Johor Bahru has been open for more than a month now, and throngs of Singaporeans have once again picked up their favourite weekend activity – go JB lah!
Johor Bahru is a treasure trove for many Singaporeans who love a weekend of pampering. Over the many years, more and more of us have been flocking to JB for a weekend trip. Usually going in on a Saturday and coming back on a Sunday; some even brave massive queues at the checkpoint to make this trip. The long weekends will see even more people running out of Singapore to other parts of Malaysia accessible over a short drive, like Malacca and KL.
I went to JB over the weekend after staying out of JB town over the pandemic. Here’s my nostalgic and bittersweet day trip, and what you can expect should you wish to do something similar!
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Entering Johor early
Many things have changed in Johor, but the massive queues at immigration have not. I entered super early to avoid this, here’s what you can do.
- Be at Woodlands Checkpoint by 7 am.
- Walk (briskly) to the immigration, there won’t be many people.
- Once you’ve cleared SG immigration, exit and take the escalator downstairs – there will be shuttle buses waiting and a conductor will direct you to the next available bus.
- You’ll need to pay SGD $2.60 to take the shuttle, but the bus doesn’t get too crowded.
- Do not take photos/videos – they don’t allow that.
- You can also take SG bus service 950/170 and pay with an EZ link card. But the queue will be mad – you’ve been warned.
- Depending on the crowd, you can clear JB customs very quickly.
- They didn’t ask me for it, but it’s best to have the MySejhatra app registered and ready to go on your phone in case they ask for it.
Austin Heights Breakfast
Austin Heights is an area in Johor that’s been known for its sexy condos and residential properties. Here, you can find new and upcoming hipster cafes that fill out super fast. There’s even a water theme park here if you want to spend some time exploring. However, there are no decent hotels nearby, so you’ll have to grab down from wherever you are. I had a filling breakfast at The Founder’s Cafe, a 20min grab ride from City Square. This cafe is pretty unique and quite large, and I got there just at opening time so I was seated rather quickly. When I left 2 hours later at 11, there was a long queue waiting to be seated.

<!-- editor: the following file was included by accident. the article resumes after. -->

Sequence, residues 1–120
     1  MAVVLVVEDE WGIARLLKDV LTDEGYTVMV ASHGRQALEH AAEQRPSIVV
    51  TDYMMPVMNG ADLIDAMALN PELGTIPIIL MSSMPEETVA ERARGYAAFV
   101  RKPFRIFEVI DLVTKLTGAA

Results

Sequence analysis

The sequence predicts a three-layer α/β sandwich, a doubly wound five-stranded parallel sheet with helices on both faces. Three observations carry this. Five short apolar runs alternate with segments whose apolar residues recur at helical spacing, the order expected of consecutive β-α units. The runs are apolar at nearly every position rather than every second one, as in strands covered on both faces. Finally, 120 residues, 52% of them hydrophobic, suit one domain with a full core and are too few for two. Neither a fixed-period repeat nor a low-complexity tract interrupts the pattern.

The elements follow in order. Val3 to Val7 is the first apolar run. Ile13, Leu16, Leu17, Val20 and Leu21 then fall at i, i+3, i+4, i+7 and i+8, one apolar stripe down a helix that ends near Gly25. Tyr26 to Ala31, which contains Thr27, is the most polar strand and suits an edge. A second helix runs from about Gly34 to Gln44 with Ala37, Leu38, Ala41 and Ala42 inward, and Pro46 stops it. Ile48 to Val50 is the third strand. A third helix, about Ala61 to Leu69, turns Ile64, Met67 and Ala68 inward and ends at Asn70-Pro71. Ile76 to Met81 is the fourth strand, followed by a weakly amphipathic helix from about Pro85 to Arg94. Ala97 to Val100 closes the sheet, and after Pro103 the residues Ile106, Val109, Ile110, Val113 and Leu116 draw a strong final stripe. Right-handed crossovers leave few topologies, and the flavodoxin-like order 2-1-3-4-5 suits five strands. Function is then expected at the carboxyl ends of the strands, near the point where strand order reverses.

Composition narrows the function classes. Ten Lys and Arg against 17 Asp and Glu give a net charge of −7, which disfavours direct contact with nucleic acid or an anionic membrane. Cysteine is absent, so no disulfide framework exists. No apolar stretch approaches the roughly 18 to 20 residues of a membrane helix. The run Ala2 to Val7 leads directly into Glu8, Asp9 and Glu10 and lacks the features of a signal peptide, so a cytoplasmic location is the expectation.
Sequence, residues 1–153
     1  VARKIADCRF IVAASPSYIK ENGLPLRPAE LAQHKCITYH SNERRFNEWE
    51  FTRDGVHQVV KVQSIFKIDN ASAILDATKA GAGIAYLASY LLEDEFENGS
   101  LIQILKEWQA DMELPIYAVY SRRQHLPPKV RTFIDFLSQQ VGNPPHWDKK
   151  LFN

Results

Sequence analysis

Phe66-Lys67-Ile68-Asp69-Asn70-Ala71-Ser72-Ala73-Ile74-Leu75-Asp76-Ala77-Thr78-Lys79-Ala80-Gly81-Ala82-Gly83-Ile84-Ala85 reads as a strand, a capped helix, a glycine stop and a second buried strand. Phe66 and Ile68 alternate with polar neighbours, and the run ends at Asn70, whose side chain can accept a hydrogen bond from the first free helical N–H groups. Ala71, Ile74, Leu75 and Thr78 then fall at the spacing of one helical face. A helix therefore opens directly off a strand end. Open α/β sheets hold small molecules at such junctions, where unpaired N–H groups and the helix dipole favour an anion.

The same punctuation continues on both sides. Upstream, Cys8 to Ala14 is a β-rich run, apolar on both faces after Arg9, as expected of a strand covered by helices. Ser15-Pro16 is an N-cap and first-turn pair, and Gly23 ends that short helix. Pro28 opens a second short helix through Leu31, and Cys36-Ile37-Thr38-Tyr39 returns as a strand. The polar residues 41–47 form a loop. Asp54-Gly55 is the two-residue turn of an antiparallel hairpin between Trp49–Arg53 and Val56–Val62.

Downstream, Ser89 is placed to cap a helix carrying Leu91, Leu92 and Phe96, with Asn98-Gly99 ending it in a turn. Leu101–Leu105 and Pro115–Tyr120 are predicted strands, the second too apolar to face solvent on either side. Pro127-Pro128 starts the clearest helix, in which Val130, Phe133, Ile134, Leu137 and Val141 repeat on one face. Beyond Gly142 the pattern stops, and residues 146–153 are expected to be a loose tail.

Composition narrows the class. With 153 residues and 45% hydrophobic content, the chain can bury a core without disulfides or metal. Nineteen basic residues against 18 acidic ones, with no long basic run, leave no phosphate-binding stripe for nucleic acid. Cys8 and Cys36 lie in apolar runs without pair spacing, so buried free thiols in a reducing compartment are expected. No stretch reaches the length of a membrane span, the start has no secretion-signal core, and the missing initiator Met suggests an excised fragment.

- Founder’s Cafe has delicious American and Asian Fusion breakfast options
- The Latte and Iced Chocolate are highly recommended
- I enjoyed the Quesadilla with Tom Yum Scrambled eggs and Chicken Ham
- The vibes here are damn cool, and the staff are very attentive
- While accessible by grab, there’s nothing else you can do here other than eat at the cafe and then leave
Aeon at Tebrau
After food, a spot of shopping and walking around is crucial to get the blood flow back in order. Aeon Tebrau is not very far from The Founder’s cafe by grab. Aeon is a large shopping complex in Malaysia, with outlets all over the country. Think Metro, but attached to a mall with many, many other shops.
I had a haircut here at Toyako Salon, though you have to BOOK IN ADVANCE. Every salon and nail parlour in JB is now more or less fully booked up until 6 pm on weekends, especially Saturdays. Massage parlours are booked until at least 8 pm. It helps if you plan your trip in advance, and call the places you’re intending to go to for a reservation. Otherwise, you’ve got to wait.